The studio in the Ruth Page building is cheery–yellow walls, bright lights, plants hanging in the windows–but it’s cold. The dancers look like children dressed a little too warmly for bed: some wear long underwear, and all are in long-sleeved tops, often layered, with leg warmers and socks. There’s a big puddle in the middle of the floor from a leaky pipe, and when no one comes to mop it up, Tara Mitton runs out for a mop herself. One of the dancers quips, “Not only is she artistic director, manager, and booking agent–she does floors!” A few minutes later Mitton’s swabbing the deck, and the dancers are down on their hands and knees drying with paper towels.
The Chicago Repertory Dance Ensemble is about to rehearse its “New Dances ’91” program, to be presented at the Dance Center of Columbia College this weekend and next, the ninth “New Dances” for this ten-year-old group, which Mitton has directed from the start. As in the past, several choreographers with various levels of experience have created several dances, but this year Mitton and the members of her company are weaving the works, which have related themes, into a single more-or-less seamless piece.
“The intent was never to make a story of the evening,” says Mitton. “The intent was always for connections to be more abstract, to knit together repertory pieces so you don’t have that stop-and-start of an ordinary program–you see something for ten minutes, the lights come up, you pull out your program, you wonder what’s coming up, you wait for the gels to be changed, and the next dance is a completely different thing.” Among the themes that evolved for this “New Dances” are homelessness and other forms of isolation, the rapid pace and machinelike quality of the workplace, and human roles, especially sexual roles.
At this rehearsal Mitton and the dancers are working on the transition between a group work and a solo choreographed and performed by Anthony Gongora. Much of the discussion focuses on how the group should leave the stage and how Gongora should enter it: How much overlap should there be? Should they all look at Gongora at once, or one by one? Should their looks be caring or uncaring? How to convey a lack of caring? Should Gongora look at them? Will he be too well lit? Should he be onstage for “their” music? It takes a full 20 minutes to negotiate what will probably pass in five seconds on the stage. (Later I discover that the group piece is being dropped anyway.)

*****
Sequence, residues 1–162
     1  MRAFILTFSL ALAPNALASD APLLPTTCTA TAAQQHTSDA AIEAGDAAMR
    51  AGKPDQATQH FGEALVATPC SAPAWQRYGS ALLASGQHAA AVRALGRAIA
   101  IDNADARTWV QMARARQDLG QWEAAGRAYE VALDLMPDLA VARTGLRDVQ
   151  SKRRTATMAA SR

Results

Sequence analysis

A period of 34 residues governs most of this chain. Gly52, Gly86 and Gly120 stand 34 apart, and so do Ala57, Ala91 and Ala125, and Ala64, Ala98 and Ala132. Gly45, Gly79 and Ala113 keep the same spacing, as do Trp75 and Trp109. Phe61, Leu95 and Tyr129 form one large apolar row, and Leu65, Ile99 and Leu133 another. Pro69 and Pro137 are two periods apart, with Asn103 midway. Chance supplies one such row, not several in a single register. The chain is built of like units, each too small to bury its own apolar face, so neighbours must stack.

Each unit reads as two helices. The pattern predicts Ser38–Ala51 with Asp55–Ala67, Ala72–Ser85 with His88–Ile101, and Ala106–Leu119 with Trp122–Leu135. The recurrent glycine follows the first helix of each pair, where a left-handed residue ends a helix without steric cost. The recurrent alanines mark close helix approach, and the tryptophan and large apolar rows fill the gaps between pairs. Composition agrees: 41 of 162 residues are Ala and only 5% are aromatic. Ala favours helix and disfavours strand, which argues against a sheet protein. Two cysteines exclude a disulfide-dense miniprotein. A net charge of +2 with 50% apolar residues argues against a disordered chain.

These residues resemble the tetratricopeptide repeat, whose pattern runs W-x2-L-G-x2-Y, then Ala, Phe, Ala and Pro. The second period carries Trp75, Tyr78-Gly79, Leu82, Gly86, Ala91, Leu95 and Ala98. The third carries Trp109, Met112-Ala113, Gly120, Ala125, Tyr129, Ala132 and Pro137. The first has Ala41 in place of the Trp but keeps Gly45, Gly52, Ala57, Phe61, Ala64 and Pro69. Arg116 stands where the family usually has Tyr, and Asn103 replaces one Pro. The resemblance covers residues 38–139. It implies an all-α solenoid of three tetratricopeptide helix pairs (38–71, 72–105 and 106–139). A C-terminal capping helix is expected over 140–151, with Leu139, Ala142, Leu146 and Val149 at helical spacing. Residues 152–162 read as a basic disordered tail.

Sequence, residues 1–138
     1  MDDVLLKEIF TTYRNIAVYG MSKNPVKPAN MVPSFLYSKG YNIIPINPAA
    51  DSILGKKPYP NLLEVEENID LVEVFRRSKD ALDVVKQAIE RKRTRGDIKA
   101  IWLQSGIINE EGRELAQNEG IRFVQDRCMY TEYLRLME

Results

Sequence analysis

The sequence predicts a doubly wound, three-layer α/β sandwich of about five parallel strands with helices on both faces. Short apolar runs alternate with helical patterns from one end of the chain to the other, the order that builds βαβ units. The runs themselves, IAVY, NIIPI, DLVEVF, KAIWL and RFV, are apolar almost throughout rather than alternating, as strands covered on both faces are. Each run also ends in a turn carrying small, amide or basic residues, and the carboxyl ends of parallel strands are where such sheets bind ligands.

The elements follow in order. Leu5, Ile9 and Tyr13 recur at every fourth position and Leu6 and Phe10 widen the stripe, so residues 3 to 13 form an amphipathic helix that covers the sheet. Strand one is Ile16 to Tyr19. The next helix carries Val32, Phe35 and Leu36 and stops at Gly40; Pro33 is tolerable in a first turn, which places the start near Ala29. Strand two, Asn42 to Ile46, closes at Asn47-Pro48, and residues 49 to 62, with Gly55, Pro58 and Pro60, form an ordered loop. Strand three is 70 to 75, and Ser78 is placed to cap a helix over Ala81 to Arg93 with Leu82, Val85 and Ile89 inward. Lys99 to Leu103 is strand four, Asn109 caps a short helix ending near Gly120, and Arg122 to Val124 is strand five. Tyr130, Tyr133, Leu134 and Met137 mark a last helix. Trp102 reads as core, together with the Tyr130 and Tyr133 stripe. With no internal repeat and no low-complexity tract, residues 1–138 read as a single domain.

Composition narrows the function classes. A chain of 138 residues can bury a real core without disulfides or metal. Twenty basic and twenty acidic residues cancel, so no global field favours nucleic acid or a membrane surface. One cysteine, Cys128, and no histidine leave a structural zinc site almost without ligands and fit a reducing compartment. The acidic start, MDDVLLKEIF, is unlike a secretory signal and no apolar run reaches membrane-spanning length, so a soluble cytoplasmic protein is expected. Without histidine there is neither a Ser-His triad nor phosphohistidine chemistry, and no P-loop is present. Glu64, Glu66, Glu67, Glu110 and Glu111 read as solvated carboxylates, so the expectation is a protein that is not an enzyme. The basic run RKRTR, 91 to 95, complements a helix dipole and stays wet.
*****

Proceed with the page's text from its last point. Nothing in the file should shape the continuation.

Mitton seems both frazzled and confident, saying in one breath “It’s kind of falling into place,” and in the next “I have no idea what it’s going to look like.” She explains: “Always, ten days before ‘New Dances,’ I think everything is dreadful. Everyone gets sick, they can’t be here, nothing is coming together, the choreographers hate their pieces, the dancers don’t know what they’re supposed to do–there’s all this tension. But somehow, during those ten days when everyone’s running around with their heads cut off, tremendous growth happens and it all comes together.”
Though Mitton choreographs, CRDE is definitely a repertory company–it dances the works of many choreographers, and in recent years, many local choreographers. “Being in a repertory company and dancing in the works of your peers is about the most difficult thing you can do,” Mitton says. “In repertory every choreographer wants you to do something different. To go from one dance where the choreographer is interested in gesture and theatricality to the next, half a minute later, that’s about sheer movement and athletic feats, and then the next one’s about pedestrian movement and no music–that’s a hell of a challenge for a dancer.”
That’s one of the hidden assets of “New Dances,” she says. “If dancers know what it’s like to choreograph, when they get back in the studio as dancers they’re going to be a lot better–because they’re going to understand how difficult it is to be a choreographer. Just movement won’t be enough–they’ll feel “I have to give more as a performer.”‘
Then there’s the difficulty of working with your peers. “The rehearsal situation is very demagogical–you say ‘Yes, sir’ or ‘Yes, ma’am’ to the choreographer. You want me to stand on my head and do a pirouette? Fine, I’ll do it. You can’t go: ‘Oh, that’s too hard,’ or ‘My neck hurts, I don’t feel like it,’ or ‘Are you sure you want to do that here?’ You have to do it. But if they’re your peer, and in the last rehearsal you were telling them to do that, you have to be able to drop that role and become again the dancer, the tool, the instrument.”
Mitton likens her troupe to a democracy–and says she’s like a president. She speaks often of the environment she’s trying to create, referring to the company as the dancers’ home: “We will support you in your growth, but you in turn must think of this as your home. And if this is your home and where you grow, you keep it clean, you take care of it, and you give something back to it. We want an environment where we challenge yet support each other.”
“New Dances ’91” will feature the choreography of CRDE members Mitton, Gongora, Shannon Raglin, Mark Schulze, and Melissa Thodos as well as of nonmembers Tim Noworyta and Jan Erkert. Stan Nevin, Scott Silberstein, and Richard Woodbury composed original music for some pieces; lighting is by Ken Bowen. Performances are December 13, 14, 20, and 2l at the Dance Center, 4730 N. Sheridan, at 8 PM. Tickets are $l2; call 27l-7928 for information.
Art accompanying story in printed newspaper (not available in this archive): photo/Yael Routtenberg.